Should we stop the Next genocide?
19 August 2010
Erik Schechter is a freelance security affairs writer and former correspondent for both The Jerusalem Post and Jerusalem Report.
(…) clash between legality and morality is what galvanized the ill-starred Responsibility to Protect (R2P) movement, which argued that the international community has the responsibility to stop genocides—even if doing so means attacking a sovereign state. The R2P-backed 2001 Report of the International Commission on Intervention and State Sovereignty even says that, if the UN obstructs anti-genocide efforts, "concerned states may not rule out other means to meet the gravity and urgency of that situation—and that the stature and credibility of the United Nations may suffer thereby."
However, repeated attempts in 2004-2005 to get the UN to ground Responsibility to Protect in law led to a watered-down, multilateral version of humanitarian intervention that differed little from previous understandings of Security Council power. So, for example, the 2005 World Summit Outcome document states "we are prepared to take collective action, in a timely and decisive manner, through the Security Council, in accordance with the Charter, including Chapter VII, on a case-by-case basis …"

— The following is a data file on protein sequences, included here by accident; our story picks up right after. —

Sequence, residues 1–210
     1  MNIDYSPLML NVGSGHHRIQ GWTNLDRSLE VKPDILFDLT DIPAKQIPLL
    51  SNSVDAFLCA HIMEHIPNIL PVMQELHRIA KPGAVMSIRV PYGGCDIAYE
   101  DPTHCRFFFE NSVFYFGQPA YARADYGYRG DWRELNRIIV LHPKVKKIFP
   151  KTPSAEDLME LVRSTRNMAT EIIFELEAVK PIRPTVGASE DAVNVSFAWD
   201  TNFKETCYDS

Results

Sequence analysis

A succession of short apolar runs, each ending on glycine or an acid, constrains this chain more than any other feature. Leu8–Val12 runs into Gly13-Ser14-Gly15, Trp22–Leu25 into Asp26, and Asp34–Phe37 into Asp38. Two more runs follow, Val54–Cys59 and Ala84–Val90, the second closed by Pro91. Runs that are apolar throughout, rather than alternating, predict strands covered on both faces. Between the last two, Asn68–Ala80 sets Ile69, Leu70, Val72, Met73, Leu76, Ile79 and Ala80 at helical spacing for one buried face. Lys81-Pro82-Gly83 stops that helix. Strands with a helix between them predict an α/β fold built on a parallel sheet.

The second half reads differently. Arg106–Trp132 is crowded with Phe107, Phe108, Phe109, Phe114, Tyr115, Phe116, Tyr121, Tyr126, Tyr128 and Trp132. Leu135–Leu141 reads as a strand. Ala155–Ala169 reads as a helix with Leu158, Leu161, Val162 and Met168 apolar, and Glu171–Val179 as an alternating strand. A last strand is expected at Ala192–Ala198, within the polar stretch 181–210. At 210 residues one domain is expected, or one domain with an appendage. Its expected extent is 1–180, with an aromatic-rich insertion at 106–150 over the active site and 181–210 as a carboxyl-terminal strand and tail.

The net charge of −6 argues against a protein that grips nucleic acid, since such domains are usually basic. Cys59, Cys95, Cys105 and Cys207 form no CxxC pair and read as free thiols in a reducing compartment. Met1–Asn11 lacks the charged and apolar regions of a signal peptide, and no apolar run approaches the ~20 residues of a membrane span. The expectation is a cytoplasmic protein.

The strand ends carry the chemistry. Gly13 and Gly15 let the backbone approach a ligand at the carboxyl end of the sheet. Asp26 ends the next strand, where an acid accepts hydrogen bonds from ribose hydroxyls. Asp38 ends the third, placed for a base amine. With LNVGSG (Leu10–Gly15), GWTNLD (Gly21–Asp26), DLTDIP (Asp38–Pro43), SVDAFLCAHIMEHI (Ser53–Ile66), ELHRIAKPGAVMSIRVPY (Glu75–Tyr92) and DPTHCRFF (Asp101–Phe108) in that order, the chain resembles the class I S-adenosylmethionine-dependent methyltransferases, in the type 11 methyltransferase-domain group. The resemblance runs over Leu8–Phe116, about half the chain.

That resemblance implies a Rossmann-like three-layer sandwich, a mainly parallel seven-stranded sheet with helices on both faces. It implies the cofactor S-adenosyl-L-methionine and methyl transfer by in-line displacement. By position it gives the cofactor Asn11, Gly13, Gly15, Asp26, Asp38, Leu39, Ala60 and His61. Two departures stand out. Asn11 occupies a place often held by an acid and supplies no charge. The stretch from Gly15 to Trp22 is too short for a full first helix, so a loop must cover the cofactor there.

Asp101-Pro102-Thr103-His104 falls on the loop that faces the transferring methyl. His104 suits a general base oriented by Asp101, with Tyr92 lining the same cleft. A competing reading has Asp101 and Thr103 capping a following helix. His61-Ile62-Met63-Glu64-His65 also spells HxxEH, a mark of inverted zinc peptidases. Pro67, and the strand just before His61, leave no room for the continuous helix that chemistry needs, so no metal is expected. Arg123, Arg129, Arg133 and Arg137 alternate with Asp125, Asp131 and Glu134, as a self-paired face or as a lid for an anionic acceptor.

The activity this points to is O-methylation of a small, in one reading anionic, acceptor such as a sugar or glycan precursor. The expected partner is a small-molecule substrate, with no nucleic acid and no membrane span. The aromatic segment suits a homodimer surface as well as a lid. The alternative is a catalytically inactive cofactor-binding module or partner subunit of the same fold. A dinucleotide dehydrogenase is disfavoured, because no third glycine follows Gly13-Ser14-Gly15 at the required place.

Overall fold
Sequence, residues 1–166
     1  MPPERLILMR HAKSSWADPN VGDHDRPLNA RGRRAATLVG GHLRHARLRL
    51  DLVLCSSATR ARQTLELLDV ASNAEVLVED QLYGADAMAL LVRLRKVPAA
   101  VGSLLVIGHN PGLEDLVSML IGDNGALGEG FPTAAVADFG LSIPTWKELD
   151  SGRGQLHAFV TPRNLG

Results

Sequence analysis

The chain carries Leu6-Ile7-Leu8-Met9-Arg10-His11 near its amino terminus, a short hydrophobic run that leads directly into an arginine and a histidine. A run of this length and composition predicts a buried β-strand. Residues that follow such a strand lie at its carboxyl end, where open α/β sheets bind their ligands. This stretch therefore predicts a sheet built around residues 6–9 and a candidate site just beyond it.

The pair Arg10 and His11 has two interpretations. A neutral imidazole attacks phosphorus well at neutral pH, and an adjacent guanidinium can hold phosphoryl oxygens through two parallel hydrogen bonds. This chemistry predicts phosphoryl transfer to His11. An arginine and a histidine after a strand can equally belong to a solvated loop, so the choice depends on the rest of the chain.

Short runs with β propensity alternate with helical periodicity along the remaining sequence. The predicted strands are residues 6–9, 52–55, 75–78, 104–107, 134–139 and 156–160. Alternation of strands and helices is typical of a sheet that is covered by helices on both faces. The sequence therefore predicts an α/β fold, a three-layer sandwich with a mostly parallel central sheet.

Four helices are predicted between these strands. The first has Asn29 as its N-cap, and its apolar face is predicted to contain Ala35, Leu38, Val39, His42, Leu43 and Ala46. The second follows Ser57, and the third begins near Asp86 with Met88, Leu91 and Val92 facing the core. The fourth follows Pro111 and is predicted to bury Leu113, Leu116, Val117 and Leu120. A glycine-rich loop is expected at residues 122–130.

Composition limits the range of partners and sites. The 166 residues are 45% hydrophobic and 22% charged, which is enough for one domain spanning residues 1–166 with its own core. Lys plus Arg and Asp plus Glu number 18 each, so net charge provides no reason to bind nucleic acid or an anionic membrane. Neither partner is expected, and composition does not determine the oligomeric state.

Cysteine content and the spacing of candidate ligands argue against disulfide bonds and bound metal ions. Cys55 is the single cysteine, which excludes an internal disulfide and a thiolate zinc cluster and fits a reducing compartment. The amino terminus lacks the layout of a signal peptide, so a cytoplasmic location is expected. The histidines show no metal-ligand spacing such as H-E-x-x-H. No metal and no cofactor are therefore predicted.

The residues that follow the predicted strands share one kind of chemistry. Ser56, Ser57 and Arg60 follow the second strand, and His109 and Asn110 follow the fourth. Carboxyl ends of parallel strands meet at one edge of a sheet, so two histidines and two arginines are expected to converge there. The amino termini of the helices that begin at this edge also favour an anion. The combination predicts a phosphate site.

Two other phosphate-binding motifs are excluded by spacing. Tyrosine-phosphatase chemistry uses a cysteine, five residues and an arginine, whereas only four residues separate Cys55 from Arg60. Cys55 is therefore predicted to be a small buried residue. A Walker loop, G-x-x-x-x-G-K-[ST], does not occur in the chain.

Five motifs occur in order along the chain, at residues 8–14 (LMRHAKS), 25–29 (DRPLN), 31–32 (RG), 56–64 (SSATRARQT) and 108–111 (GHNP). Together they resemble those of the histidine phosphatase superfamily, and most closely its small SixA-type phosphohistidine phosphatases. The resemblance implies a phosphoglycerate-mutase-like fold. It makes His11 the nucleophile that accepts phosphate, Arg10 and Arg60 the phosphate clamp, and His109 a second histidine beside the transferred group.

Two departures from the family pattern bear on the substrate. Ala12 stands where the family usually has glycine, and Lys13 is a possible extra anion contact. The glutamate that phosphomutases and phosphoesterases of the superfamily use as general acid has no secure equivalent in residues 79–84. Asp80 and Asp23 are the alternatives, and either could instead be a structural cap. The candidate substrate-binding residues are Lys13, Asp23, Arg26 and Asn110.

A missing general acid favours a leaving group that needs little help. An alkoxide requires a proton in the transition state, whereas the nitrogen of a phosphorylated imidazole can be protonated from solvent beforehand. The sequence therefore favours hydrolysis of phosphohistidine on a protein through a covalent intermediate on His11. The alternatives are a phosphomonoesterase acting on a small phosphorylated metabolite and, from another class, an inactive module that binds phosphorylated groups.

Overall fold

R2P efforts notwithstanding, Byers thinks that the ban on humanitarian intervention should stand lest this new exception to the rule be misused. If a country is truly incensed by international inaction on genocide, let it do what must be done. The intervention would still be illegal, but if carried out for the right reasons, the "act will be forgiven." (...)
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